Clean karma: Temple’s toilet threat leaves visitors flushed

Photo via ThaiRath

A temple in the Isaan province of Si Saket successfully kept its bathroom clean by employing a unique approach, issuing a warning to visitors that there would be severe consequences in the afterlife and karma haunt them if the temple’s monks had to handle their waste.

Pictures of spray-painted messages on the bathroom wall within the Ta Dob Temple in Si Saket were shared on social media and attracted attention from several Thai media outlets. Each message is rather eye-catching.

“Monks clean visitors’ poop.”

“Hell, do you see?”

“Poop and then clean it.”

The head of a community, Nat Chaiyadarun, informed ThaiRath and Channel 7 that the messages were spray-painted by a monk who left his monkhood several years ago.

According to the community leader, a monk noticed that the visitor bathroom consistently remained unclean, emitting an unpleasant odour. Visitors were neglecting to flush and clean the toilet after use.

Realising it shouldn’t fall solely on the monks, especially considering the risk of injury for elderly monks on the slippery floor, the monk decided to act.

Thai Buddhists are apprehensive about facing punishment in hell for their actions, especially if directed against Buddhist monks. The monk used this concept to raise awareness among temple visitors.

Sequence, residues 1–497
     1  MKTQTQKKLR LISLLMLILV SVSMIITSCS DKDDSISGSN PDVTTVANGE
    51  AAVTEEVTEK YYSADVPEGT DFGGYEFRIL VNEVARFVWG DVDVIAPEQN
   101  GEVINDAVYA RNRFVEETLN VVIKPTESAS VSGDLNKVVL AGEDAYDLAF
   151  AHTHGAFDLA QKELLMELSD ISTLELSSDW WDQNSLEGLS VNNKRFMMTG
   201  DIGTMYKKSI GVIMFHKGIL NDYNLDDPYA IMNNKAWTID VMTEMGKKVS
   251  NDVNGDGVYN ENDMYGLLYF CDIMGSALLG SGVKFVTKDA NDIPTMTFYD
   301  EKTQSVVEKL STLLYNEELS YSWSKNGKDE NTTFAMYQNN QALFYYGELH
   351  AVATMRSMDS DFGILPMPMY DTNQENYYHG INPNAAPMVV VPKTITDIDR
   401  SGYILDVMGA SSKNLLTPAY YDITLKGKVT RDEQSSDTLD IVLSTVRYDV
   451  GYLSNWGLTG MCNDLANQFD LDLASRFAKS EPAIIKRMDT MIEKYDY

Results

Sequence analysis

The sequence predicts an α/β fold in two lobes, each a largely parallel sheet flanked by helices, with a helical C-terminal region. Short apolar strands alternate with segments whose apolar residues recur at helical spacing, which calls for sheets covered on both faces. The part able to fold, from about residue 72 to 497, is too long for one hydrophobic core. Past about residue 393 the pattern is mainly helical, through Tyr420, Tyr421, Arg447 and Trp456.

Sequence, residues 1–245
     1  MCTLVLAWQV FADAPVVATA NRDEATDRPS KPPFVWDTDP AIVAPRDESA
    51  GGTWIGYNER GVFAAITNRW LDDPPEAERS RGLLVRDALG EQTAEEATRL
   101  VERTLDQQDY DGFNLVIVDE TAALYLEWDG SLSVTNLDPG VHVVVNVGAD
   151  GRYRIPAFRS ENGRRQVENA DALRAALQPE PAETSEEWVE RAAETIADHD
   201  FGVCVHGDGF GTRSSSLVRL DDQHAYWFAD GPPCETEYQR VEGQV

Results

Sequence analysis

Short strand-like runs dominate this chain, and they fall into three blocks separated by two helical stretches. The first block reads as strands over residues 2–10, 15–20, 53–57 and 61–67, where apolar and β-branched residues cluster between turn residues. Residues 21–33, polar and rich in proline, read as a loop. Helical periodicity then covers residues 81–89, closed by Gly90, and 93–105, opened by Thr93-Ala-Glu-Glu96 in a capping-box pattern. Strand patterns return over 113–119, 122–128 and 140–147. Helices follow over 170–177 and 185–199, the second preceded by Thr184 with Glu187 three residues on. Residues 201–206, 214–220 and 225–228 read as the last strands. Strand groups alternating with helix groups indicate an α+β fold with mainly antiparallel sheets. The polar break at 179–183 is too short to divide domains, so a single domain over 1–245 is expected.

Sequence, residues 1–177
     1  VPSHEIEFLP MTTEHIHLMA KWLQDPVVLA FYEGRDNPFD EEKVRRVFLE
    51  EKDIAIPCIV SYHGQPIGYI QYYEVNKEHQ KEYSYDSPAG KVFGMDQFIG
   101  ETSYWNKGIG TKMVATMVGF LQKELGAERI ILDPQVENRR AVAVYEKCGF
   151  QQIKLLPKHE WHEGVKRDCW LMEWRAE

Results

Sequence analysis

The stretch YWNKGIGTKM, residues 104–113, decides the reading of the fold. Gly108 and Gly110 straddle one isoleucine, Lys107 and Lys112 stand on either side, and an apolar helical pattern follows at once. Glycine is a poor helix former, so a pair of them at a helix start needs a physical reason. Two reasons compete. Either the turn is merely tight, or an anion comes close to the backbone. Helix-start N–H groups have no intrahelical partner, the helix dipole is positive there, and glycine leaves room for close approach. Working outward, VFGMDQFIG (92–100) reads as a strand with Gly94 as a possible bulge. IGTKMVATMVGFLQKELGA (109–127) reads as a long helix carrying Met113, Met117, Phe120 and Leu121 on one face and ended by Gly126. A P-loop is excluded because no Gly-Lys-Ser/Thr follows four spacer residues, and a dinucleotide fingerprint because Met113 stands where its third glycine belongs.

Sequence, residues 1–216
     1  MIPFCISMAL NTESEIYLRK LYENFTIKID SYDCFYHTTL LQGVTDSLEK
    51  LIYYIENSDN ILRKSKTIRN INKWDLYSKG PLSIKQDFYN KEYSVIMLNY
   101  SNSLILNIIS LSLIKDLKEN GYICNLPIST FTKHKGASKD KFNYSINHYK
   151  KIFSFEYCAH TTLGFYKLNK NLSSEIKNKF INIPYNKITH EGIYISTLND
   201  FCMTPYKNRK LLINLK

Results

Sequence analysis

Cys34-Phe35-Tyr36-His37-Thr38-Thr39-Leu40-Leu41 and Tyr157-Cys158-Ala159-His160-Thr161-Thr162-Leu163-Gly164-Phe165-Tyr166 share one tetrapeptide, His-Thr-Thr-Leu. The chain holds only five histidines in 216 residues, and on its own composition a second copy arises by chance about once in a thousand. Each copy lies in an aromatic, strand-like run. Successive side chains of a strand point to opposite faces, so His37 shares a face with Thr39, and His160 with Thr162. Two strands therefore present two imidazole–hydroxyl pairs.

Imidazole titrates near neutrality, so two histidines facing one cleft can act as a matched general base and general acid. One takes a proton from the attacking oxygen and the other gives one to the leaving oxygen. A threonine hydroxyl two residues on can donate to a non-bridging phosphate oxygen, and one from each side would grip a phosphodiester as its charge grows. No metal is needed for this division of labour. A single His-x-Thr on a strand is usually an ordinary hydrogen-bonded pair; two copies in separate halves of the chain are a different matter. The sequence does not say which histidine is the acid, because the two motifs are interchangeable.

The messages aimed to highlight that failing to clean the toilet after use constituted negative karma towards the monks, instilling a sense of fear of wrongdoing.

The community leader noted a significant improvement in the cleanliness of the bathroom, and visitors have found the messages both informative and entertaining.

Every temple in Thailand educates visitors about the concept of karma mostly through the mural paintings on the inner walls of the main halls. These murals depict the atmosphere in hell and the punishments individuals will face in the afterlife for their wrongdoings.

The Non Sa-at Forest Temple in the Isaan province of Nakhon Ratchasima even launched a hell tour to encourage visitors to refrain from engaging in wrongful actions.

Thailand News

Petch Petpailin

Petpailin, or Petch, is a Thai translator and writer for The Thaiger who focuses on translating breakingThai news stories into English. With a background in field journalism, Petch brings several years of experience to the English News desk at The Thaiger. Before joining The Thaiger, Petch worked as a content writer for several known blogging sites in Bangkok, including Happio and The Smart Local. Her articles have been syndicated by many big publishers in Thailand and internationally, including the Daily Mail, The Sun and the Bangkok Post. She is a news writer who stops reading news on the weekends to spend more time cafe hopping and petting dwarf shrimp! But during office hours, you can find Petch on LinkedIn and you can reach her by email at

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